Interleukin-10 (IL-10) is an important suppressor of immune system responses. In vitro studies indicate that IL-10 directly inhibits IL-2 and IL-5 production by Th1 and Th2 cells. IL-10 acts as an immunosuppressant of antigen-presenting cells, expression of chemokines on monocytes, and bactericidal macrophage responses. Some studies show that IL-10 plays a role in the control of inflammation, autoimmunity, and angiogenesis.
Interleukin 10 (IL-10), also known as cytokine synthesis inhibitory factor (CSIF), is a member of the IL-10 family of cytokines that also include IL-19, IL-20, IL-22, IL-24, and IL-26/AK155. Human IL-10 is an 18 kDa molecule with four cysteines that form two disulfide bridges. IL-10 is secreted by many types such as activated hematopoietic cells, hepatocytes, keratinocytes, and placental cytotrophoblast. In serum, IL-10 is a homodimer with an apparent molecular weight of 39 kDa. The human IL-10 gene is located on chromosome 1 as a single copy in the genome.
IL-10 performs its biological activities through a heterodimeric receptor consisting of two subunits, IL-10 R-alpha/IL-10R1, and IL-10 R-beta/IL-10R2. The homodimer IL-10 binds first to two IL-10 R-alpha chains, resulting in activation of the two IL-10 R-beta chains and subsequently in a cascade of processes. The IL-10R-alpha subunit is a 110 kDa transmembrane glycoprotein that is expressed in lymphocytes, NK cells, macrophages, monocytes, intestinal epithelial cells, cytotrophoblasts, astrocytes, and activated hepatocytes. The IL-10 Rbeta subunit is a 75 kDa transmembrane glycoprotein found in many cell types and which does not directly bind IL-10 but is essential for transmitting the original message. The IL-10 R-beta subunit is also associated with the IL-20 R-alpha, IL-22 R-alpha, and IL-28 R-alpha subunits in the formation of receptor complexes for IL-22, IL-26, IL-28, and IL-29.
The involvement of IL-10 in immunoreactivity includes both positive and negative effects. It promotes phagocytic activity and Th2 responses but suppresses antigen presentation and Th1 proinflammatory responses. IL-10 is a critical molecule in the control of viral infections as well as allergic and autoimmune inflammation. IL-10 levels are elevated in serum, peritoneal fluid, and saliva in patients with melanoma, ovarian cancer, and Sjogren's syndrome. IL-10 has decreased serum levels during preeclampsia and in infertile men's sperm. IL-10 polymorphisms are associated with the development of autoimmunity, viral infections, and cancers, whereas IL-10 R-alpha polymorphisms are associated with schizophrenia.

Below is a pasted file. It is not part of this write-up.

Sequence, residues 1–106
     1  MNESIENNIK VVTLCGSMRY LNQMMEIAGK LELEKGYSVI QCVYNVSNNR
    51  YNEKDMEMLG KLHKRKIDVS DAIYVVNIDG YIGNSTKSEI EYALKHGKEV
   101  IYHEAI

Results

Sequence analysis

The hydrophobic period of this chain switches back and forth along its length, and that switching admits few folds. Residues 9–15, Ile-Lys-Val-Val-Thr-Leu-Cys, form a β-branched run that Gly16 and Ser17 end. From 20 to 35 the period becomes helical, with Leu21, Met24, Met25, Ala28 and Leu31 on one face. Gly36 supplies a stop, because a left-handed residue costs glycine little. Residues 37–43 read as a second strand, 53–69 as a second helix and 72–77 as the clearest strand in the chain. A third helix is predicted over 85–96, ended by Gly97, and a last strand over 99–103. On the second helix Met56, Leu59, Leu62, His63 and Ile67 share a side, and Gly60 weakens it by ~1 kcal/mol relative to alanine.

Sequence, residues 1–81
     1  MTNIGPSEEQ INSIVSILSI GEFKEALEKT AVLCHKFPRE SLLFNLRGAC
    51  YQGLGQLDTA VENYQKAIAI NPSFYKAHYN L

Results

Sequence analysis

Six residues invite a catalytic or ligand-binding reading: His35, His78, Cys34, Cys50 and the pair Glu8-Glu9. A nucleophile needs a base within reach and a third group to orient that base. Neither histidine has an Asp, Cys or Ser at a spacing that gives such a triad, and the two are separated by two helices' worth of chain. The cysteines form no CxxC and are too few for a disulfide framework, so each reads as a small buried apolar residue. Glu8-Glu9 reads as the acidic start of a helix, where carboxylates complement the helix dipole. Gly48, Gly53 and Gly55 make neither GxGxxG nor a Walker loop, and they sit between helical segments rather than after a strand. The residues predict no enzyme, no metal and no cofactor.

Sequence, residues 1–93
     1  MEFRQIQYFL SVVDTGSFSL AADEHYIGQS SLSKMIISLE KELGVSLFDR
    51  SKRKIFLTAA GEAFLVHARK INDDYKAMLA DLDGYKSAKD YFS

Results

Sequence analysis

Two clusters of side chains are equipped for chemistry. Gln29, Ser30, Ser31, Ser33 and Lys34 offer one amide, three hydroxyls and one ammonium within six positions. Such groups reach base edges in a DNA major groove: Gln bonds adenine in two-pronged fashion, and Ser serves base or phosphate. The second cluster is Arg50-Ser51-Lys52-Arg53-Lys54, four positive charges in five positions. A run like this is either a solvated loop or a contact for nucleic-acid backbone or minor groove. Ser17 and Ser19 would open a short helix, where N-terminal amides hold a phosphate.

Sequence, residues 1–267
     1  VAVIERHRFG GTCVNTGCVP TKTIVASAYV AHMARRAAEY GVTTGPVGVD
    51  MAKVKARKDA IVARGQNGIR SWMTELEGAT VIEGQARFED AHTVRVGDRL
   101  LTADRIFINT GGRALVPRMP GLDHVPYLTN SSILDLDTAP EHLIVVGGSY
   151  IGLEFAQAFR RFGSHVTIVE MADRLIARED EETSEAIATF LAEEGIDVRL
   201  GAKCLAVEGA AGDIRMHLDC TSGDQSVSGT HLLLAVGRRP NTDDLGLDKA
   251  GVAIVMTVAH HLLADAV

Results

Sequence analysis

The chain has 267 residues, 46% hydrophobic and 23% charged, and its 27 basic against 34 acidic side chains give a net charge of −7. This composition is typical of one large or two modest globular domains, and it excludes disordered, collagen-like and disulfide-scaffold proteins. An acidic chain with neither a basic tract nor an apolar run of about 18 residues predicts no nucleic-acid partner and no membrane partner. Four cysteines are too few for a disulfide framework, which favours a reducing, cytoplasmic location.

Expression of IL-10 is increased in parasitic infections such as Schistosoma mansoni, Leishmania, Toxoplasma gondii, and Trypanosoma. In addition, high IL-10 expression was detected in mycobacterial infections such as Mycobacterium leprae, Mycobacterium tuberculosis, and Mycobacterium avium. High expression levels of IL-10 found in retroviral infections induce immune deficiency.
Laboratory test results are the most important parameter for the diagnosis and monitoring of all pathological conditions. 70%-80% of diagnostic decisions are based on laboratory tests. The correct interpretation of laboratory results allows a doctor to distinguish "healthy" from "diseased".
Laboratory test results should not be interpreted from the numerical result of a single analysis. Test results should be interpreted in relation to each individual case and family history, clinical findings, and the results of other laboratory tests and information. Your personal physician should explain the importance of your test results.
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